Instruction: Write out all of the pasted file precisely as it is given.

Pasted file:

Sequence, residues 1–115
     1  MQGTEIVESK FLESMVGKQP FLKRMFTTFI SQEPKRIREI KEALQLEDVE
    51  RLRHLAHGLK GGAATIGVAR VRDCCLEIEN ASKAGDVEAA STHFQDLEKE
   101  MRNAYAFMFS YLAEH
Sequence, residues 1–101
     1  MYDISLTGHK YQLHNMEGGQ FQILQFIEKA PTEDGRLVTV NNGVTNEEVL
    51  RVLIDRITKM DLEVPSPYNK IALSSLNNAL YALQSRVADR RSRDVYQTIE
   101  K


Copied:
Sequence, residues 1–115
     1  MQGTEIVESK FLESMVGKQP FLKRMFTTFI SQEPKRIREI KEALQLEDVE
    51  RLRHLAHGLK GGAATIGVAR VRDCCLEIEN ASKAGDVEAA STHFQDLEKE
   101  MRNAYAFMFS YLAEH
Sequence, residues 1–101
     1  MYDISLTGHK YQLHNMEGGQ FQILQFIEKA PTEDGRLVTV NNGVTNEEVL
    51  RVLIDRITKM DLEVPSPYNK IALSSLNNAL YALQSRVADR RSRDVYQTIE
   101  K